Monday, October 24, 2011

Homeland, Season 1 Episode 4 — "Semper I"

I've decided to, in addition to my NBC Thursday night sitcom roundups, start doing episode-by-episode reviews of a few other shows. For now I'm starting with Homeland and Chuck and adding Spartacus and Game of Thrones when they return next year. I toyed with also doing Parenthood, but, although I really like Parenthood (more than Homeland and Chuck, even), I'm worried there wouldn't be much to say after each episode other than "Yep, that was pleasant." But I could always change my mind, and could always opt to add other new shows as well. I'm volatile as fuck!

But for now let's focus in on Homeland's fourth episode, "Semper I." Review behind the cut, lest the uninitiated be callously spoiled.

Thursday, October 20, 2011

NBC Sitcom Roundup for 10/13/11

(I felt there was too much positivity in my NBC sitcom roundups as of late, so effective immediately and until I decide I've had enough, I've added Whitney to the lineup. May god have mercy on my soul.)

The Office, Season 8 Episode 4 — "Garden Party"

Well, after three pretty solid outings for The Office's eighth season, we got us a bit of a clunker. Not an apocalyptic clunker – "Garden Party" is no "Christening" – but an incredibly generic, run-of-the-mill Dunder Mifflin party episode, one we've seen a million times before, and one where the few things that differentiated it were primarily for the worse.

The garden party setting, while outwardly harmless, gave rise to one of the dumbest episode framing devices in the history of the show with Jim's garden party advice book. Never mind that most of the resulting Dwight wackiness was less than hilarious; even for a sitcom, the idea that Jim wrote a complete book (from the look of it, a decently thick one) in preparation for this one event, created an anonymous online profile, and somehow got Dwight to buy it in lieu of however many real garden party books there are on Amazon to get a couple silly laughs is unacceptably stupid. Moronic. Almost insulting.

Josh Groban as Andy's brother was the worst, most obnoxious kind of stunt casting, the kind that made last season's finale so grating and that The Office admirably held itself above for six seasons (unless you count supporting players from The Wire as stunt casting, anyway). Now, Groban's performance for his first scene or two was fine, but then they had to bust out the guitars and go for the "funny" singing (i.e. just plain singing), which became an ultimate comedy pet peeve of mine at some point between the hundredth and millionth time they did it with Jenna on 30 Rock. Nothing but hate for that part of the episode.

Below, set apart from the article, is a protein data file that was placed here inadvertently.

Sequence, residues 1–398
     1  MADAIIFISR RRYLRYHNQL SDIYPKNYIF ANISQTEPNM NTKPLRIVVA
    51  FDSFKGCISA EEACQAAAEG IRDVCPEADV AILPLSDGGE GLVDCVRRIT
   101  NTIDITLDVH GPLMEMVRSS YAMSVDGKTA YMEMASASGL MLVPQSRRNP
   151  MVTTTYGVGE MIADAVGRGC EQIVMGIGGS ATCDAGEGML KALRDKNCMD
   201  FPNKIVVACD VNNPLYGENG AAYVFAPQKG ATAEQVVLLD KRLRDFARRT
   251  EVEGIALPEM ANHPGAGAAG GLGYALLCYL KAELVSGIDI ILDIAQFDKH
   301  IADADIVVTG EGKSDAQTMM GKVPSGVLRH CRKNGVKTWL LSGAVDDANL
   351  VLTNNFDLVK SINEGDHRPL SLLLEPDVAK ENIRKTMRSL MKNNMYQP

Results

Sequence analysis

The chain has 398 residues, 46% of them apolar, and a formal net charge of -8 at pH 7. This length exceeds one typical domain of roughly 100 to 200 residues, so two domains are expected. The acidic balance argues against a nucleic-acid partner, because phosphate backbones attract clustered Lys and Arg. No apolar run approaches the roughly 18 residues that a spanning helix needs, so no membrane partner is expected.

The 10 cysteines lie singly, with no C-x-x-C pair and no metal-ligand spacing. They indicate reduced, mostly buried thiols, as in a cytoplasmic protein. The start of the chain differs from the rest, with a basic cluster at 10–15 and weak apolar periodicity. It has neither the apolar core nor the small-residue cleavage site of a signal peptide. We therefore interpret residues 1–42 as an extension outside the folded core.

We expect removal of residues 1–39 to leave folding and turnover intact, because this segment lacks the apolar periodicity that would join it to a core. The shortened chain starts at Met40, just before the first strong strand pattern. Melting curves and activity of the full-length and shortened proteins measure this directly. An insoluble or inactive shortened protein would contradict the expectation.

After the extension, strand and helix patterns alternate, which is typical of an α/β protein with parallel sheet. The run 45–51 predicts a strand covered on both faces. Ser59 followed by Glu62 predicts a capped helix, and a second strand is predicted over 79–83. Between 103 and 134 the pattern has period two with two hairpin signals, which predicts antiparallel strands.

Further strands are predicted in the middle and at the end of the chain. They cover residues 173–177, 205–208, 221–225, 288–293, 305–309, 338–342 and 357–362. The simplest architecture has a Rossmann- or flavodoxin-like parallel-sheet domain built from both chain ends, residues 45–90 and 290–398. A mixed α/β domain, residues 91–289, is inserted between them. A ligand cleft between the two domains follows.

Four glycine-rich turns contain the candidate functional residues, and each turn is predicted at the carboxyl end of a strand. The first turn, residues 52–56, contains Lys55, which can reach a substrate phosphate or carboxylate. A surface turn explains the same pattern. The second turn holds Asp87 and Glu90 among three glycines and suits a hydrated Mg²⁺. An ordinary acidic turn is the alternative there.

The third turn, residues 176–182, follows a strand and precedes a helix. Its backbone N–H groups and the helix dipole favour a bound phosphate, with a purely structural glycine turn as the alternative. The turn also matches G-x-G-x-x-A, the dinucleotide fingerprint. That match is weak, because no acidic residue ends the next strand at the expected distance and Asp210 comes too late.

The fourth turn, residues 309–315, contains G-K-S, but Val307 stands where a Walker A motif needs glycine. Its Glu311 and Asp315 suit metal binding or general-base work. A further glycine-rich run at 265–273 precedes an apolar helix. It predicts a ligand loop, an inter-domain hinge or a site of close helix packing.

Of course it all came around to a feel-good ending where the office rallied in support of Andy to make him feel welcome as their new boss, which would be great if they hadn't done the exact same ending two goddamn episodes ago in "The Incentive." Let's start thinking a little outside the box, guys!

Now, granted, there were some funny punchlines here and there as the show's viewpoint swung erratically around the party, including Mose making chaos while parking cars, a bird stealing Erin's hat, and the Citizen Kane debate between Oscar and Darryl. But alas, those bits were but sprinkles covering tuna-flavored ice cream. Worst episode of the season by far.

Funniest Moment: Ryan toasting the troops. All of them. Both sides.

Parks and Recreation, Season 4 Episode 4 — "Pawnee Rangers"

Like The Office, this was a fairly run-of-the-mill Parks outing, but with the important caveat that Parks and Rec's current mean quality level is much, much higher than The Office's. Multiple stories stemming loosely from the same event (most of the office being out camping, the few people left taking advantage of the empty nest), Leslie being triumphant, Ron being stubborn, Ann being awkward, Chris being peppy, Jerry being put upon, Tom and Donna being materialistic, Ben being a nerd, heartwarming ending, etc. All bases covered.

The main Pawnee Rangers vs. Pawnee Goddesses story, while light on Andy and April goodness, was full of funny stuff, especially in the contrast between the two camps and in Leslie's overly precocious kids. After a string of "Ron is awesome and always right" stories last year like the burger cook-off, it was nice to see an episode take him down a peg and show that he can, in fact, be wrong. I also like that, at least as of four episodes in, they seem to be alternating election and non-election stories for Leslie. Good way to do it, I'd say.